S—I remember visiting my sister’s art studio. It was when she was still a freshman or sophomore in high school, before she got her driver’s license—my mom would pick her up, asking if I could come along so she could take the carpool lane on the highway. In the car, we passed through that big street in Cupertino—De Anza Boulevard—and I looked at all the signs for grocery stores and music classes and tea shops and test prep schools.
When we stepped inside the studio, I felt the silence of the place wash over me. It was the sound of walls covered in still-lifes and dragon paintings and figure drawings and students absorbed by their work. I loved being inside; it felt like church. I’d find my sister in the back, listening to music on earbuds, hunched over an easel: her practice, a prayer.
E—I remember the St. Louis heat enveloping me as I untangled the long grassy weeds that I hated because their roots were deep and interconnected with Grandpa’s bush; the codependency meant weeding would take some “good” life with it. And I could already see clovers showing their naive sprouts where I had weeded the Saturday before. I wonder why I do it, when they’re just gonna grow back. I like to think the moments of beauty are worth it, maybe the temporality reminds me both of my smallness and my strength to keep existing.
I thought of gardening metaphors—gotta attack it from the root, so it won’t come back. Sometimes it still does, though. But I loved that this was my chance not to think of metaphors, not to think of anything, lose myself in my Nature Hoe playlist or the breeze or the wrens that just came to my grandpa’s birdhouses in his backyard offering melody to the incohesive bass of the trash trucks driving down the potholed suburban street. I love the cool dirt that runs through my fingers, settles under my nails, the sweat that timidly traces my spine, then picks up pace, the grass imprints from kneeling, obeisance, my complete loss of perception of time.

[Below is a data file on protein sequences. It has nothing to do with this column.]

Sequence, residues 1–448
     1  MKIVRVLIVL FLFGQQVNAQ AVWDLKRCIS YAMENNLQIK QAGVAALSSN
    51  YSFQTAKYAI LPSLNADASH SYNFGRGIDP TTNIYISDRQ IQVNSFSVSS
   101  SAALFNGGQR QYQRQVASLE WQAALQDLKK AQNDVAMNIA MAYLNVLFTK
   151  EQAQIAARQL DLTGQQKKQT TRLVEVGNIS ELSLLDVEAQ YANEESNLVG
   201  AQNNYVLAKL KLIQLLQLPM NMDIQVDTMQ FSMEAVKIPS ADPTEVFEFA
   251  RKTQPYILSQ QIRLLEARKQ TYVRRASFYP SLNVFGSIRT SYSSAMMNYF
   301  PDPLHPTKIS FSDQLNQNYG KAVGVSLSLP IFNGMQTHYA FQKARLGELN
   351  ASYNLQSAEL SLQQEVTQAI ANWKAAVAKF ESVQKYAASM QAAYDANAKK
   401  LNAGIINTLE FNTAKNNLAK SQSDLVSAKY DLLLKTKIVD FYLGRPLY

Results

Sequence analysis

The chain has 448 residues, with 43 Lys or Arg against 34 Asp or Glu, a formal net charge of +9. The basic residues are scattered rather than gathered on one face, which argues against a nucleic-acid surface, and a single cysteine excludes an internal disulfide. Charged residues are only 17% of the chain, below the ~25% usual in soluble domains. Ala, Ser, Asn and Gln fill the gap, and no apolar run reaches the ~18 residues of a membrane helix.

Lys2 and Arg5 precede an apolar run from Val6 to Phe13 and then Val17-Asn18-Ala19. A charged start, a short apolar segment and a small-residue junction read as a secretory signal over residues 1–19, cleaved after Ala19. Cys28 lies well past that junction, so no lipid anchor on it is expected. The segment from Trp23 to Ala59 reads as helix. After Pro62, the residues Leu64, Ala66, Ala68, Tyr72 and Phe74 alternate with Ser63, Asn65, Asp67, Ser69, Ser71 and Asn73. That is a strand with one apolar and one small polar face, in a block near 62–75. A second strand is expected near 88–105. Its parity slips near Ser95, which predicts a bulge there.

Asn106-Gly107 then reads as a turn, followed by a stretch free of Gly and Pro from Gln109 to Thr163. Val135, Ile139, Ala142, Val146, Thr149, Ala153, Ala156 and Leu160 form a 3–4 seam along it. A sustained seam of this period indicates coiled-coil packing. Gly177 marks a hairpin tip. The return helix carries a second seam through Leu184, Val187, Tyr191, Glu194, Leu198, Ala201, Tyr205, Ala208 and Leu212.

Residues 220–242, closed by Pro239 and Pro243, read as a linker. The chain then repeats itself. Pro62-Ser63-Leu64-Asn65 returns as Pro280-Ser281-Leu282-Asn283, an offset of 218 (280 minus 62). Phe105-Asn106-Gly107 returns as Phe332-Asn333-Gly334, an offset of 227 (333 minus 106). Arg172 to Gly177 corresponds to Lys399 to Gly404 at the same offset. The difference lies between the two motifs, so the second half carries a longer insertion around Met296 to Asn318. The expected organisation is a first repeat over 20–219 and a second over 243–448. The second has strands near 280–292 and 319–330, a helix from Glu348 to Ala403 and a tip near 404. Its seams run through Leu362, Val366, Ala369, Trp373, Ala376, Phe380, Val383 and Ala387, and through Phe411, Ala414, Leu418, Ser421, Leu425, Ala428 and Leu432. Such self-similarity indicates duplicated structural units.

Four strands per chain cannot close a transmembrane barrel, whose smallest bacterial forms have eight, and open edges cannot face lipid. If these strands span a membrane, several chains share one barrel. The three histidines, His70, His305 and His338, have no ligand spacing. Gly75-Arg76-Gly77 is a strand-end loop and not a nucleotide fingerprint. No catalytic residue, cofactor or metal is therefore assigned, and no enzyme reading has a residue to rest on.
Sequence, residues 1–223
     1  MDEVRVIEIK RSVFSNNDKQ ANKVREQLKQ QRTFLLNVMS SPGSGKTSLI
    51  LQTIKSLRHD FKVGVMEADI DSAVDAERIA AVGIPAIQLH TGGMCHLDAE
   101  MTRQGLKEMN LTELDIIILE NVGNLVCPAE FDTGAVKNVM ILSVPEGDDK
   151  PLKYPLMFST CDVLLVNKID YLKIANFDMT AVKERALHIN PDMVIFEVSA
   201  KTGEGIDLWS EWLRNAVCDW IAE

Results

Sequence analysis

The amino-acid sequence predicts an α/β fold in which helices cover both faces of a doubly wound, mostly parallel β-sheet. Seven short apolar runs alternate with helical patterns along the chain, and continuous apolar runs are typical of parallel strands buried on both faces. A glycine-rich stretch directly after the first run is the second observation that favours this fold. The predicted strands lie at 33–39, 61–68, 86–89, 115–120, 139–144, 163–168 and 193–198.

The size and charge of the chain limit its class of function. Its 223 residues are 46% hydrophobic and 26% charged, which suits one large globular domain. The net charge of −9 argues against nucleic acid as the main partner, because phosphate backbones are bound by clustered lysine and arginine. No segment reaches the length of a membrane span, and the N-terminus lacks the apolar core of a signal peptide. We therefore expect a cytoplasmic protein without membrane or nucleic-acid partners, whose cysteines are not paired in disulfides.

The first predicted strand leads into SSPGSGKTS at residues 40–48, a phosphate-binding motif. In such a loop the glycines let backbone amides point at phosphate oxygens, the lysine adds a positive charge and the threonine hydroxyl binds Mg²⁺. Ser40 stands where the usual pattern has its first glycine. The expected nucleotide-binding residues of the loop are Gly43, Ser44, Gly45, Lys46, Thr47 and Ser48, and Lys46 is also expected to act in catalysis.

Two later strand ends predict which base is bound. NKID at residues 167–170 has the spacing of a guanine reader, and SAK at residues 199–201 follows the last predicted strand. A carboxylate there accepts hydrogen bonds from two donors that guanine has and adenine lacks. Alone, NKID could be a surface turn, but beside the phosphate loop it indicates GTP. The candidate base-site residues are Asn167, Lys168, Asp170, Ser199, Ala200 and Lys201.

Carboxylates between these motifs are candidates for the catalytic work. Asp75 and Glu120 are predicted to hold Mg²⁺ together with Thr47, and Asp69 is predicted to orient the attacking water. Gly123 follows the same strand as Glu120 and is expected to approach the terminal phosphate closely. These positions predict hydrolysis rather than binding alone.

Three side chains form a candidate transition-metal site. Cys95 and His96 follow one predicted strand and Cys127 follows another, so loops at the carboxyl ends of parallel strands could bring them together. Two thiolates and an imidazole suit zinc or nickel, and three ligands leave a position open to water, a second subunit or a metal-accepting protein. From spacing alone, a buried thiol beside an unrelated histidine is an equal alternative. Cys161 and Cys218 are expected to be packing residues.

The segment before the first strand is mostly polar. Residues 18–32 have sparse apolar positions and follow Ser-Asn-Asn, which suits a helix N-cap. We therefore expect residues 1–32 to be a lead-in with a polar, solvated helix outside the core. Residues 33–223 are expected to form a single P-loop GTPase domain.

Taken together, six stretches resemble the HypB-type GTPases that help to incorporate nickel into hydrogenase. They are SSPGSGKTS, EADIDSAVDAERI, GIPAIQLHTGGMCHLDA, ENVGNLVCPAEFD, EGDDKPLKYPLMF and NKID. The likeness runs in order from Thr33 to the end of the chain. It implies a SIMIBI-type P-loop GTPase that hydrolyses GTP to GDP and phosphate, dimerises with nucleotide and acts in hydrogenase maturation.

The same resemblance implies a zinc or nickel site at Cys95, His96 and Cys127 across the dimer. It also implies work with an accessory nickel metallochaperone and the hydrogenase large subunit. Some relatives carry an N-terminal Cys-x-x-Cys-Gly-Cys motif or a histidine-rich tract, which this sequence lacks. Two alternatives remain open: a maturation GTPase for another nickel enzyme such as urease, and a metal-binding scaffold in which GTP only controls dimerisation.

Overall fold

S—The day after we went to the garden, we sat on my bed and painted on paper I brought from home. Watercolor paper—part of my sister’s bounty of art supplies—is something I always make sure to pack when I leave home; the preparation to get nice small rectangles out of the big sheets is somewhat of a ritual. I cut the sheet down with scissors, and when it’s small enough to fit into the paper cutter, I slice the sheet down.
The thought of unborn birthday cards and thank-you letters and “just saying hi” notes, always makes me smile. When I cut the paper, I think of how my mom taught me to be prepared with greeting cards in new settings—prepared to give, to say thank you, to express love. Someone I loved said I gave and expected the same in return. Maybe it’s true—maybe I shout into the world just for the echo back. I am my mother’s child, but on this, we differ—she gives for the sake of it. What if I gave to myself for the sake of it, not demanding anything back from myself?
E—More than all of that, I loved my grandpa’s memories. He shared stories that summer; they almost didn’t finish the concrete job. My dad smiled at me, we knew grandpa had told this one before. Never drink a beer before you are finished, he teased as he handed me a can, knowing it only contained sparkling water (a novelty) and the fizz bubbled on my tongue, mini explosions of coral against royal blue splattering on my tastebuds. They finished somehow, never again, my grandpa said with a laugh, hindsight makes it lighthearted, brings the twinkle to his eye he gets when telling stories he still sees, but I can only play on a second-hand film reel in my head.